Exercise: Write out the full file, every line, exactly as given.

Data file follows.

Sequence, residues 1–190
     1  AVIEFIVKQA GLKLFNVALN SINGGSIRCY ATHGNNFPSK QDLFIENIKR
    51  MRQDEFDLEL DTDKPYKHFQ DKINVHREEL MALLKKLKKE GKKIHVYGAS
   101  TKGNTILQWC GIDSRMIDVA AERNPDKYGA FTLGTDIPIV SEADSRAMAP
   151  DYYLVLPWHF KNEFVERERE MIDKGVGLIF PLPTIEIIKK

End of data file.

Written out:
Sequence, residues 1–190
     1  AVIEFIVKQA GLKLFNVALN SINGGSIRCY ATHGNNFPSK QDLFIENIKR
    51  MRQDEFDLEL DTDKPYKHFQ DKINVHREEL MALLKKLKKE GKKIHVYGAS
   101  TKGNTILQWC GIDSRMIDVA AERNPDKYGA FTLGTDIPIV SEADSRAMAP
   151  DYYLVLPWHF KNEFVERERE MIDKGVGLIF PLPTIEIIKK